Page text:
Computer Cooling
 

 

 
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TigerDirect

There are several aspects of cooling which we cover here. Cooling the processor on the motherboard and cooling everything in the case. As we mentioned earlier, cooling your components is critical. A few minutes with a fan not working in your system and your PC could overheat so badly that it could do irreparable damage to your computer, some computers have a BIOS that will sound an alarm or shutdown your computer if your temperature gets to around 150°F (65°C).

Processor Cooling

Cooling the processor is something that used to be quite easy a few years back processors needed no additional help to cool down, then they needed heat sinks. A heat sink is normally made of aluminum fins or pillars and works by increasing the area over which heat is dissipated, they are very effective, and not doubt you have seen them on many pieces of electrical/electronic equipment that have a heat problem. With processors increasing and increasing in Wattage, a few years back even heat sinks were not sufficient to dissipate all the heat they generated, hence the move to fans bolted onto the top of the processor. Many coolers now have combined heat sinks and fans.

There are a couple of things you want to take into account when buying a processor fan.

Processor type:- The fan will be labeled Socket A, Socket 478 etc. Get one to match your motherboard.

Processor rating:- How fast a processor it can cope with. eg up to 3.2GHz. This figure should be higher than your processor speed, in fact, the higher the better.

Noise:- The noise a fan generates is measured in Decibels (dB), the lower the number, the quieter the fan

Life expectancy:- Again the higher the better, although this may often be a trade off against noise. ie Ball bearing fans tend to last longer than lubricated sleeve bearing fans, but they also tend to be noisier.

Performance:- All fans are measure by the amount of air they shift in cubit feet per minute (CFM) the larger this number, the better. There will be similarities between this figure and the figure used for processor rating.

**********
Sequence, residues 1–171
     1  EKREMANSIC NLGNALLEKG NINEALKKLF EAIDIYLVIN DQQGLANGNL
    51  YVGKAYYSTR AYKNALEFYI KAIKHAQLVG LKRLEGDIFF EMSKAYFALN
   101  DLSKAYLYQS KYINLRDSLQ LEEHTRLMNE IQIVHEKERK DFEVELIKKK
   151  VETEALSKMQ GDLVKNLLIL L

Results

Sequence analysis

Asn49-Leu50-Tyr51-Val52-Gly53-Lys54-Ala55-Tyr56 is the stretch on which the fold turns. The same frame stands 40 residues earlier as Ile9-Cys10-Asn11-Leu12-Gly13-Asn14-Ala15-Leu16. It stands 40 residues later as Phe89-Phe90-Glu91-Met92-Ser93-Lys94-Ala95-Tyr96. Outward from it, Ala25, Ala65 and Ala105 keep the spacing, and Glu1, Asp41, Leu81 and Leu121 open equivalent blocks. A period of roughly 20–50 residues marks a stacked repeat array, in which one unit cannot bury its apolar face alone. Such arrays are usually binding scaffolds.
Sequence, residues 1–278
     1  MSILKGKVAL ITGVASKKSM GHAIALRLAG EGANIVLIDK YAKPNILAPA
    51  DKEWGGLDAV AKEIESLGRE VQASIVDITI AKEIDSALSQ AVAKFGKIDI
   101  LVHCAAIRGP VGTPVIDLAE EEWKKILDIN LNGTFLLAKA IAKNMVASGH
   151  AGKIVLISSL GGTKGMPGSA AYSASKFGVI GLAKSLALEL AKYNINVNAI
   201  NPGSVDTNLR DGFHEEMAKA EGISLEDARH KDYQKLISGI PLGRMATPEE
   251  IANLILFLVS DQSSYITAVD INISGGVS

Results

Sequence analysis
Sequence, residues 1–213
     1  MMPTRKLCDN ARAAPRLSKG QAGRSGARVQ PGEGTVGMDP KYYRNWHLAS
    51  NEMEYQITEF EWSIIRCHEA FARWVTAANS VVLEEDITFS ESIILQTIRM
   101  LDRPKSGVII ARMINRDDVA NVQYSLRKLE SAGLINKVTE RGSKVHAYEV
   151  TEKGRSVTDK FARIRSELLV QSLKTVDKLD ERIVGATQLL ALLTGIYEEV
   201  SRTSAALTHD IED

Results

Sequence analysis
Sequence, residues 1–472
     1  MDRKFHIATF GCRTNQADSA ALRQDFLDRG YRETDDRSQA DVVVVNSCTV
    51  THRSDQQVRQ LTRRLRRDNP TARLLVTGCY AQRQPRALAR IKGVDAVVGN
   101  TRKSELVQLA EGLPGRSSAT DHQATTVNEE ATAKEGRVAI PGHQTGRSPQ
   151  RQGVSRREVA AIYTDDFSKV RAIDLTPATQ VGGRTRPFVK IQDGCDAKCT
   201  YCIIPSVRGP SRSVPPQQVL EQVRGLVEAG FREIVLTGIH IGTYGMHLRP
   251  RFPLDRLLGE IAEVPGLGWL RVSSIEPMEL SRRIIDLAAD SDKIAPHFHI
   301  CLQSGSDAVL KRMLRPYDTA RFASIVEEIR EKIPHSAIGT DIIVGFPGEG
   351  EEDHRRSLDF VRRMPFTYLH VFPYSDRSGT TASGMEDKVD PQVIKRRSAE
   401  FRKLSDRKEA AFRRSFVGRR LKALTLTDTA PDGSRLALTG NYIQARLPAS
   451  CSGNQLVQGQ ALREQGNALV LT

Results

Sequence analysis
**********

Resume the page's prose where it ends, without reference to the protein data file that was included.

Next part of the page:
Case cooling

Let us start off with a few simple rules here first. Again as with the processor you want to keep all the components in the case as cool as possible in order that they run most efficiently. There are some simple ways of doing this.

  • The larger the case, the more opportunity there is for air to circulate naturally. Small case tend to keep all the air in a small place where it gets hotter and hotter.
  • Try to give components that get hot as much space as possible. This isn't easy to do in a modern case as most components have predefined locations, but the bigger the volume of (cool) air around a component, the cooler it will be.
  • Keep hot cards apart. If you have a graphics card in your AGP slot try to keep as much space around it as possible ie if your are plugging cards into PCI and DIMM slots and you have a choice, try to keep them away from the graphics card. Graphics card are notorious for getting very hot, some even have their own on board fan systems. Hard drives are another heat machine in your case. try to keep some space around hard drives by mounting floppy drives, secondary hard drives and optical drives carefully.
 

Think carefully about the airflow around the inside of your case. Ideally you want air coming into your case, circulating around all the hot components and then leaving again. Obviously fans can suck air into your case or blow air out of the case. Firstly check that you case has vents. Almost all cases have. This allows you to have a fan sucking air into your case and for the hot air to leave though the vents, or for a fan blowing hot air out of your case to suck cold air into your case through the vents. Some points to remember

  • If the fan and the vents are right beside each other the air will not circulate throughout the case cooling all the components , it will just pull air in through one and out through the other by the shortest route.
  • Two fans are better than one, although it would be good if one pulled air out and the other sucked it in. If they are both doing the same thing then this can cause problems too. Three fans are better again, although obviously the more fans, the more noise.
  • In order to encourage optimal airflow, consider one fan at the top and one at the bottom ideally one of them being on the front panel and one on the backpanel.
  • Don't rely on your power supply fan, they are often quite weak.
  • In order to see how strong your fans are and in which direction they are blowing try taking a piece of tissue paper and holding it against the fan.
 
  Computer maintenance - keeping you computer free of dust and dirt will obviously be critical as well to keeping your computers cooling system in tip top condition.  
 
 

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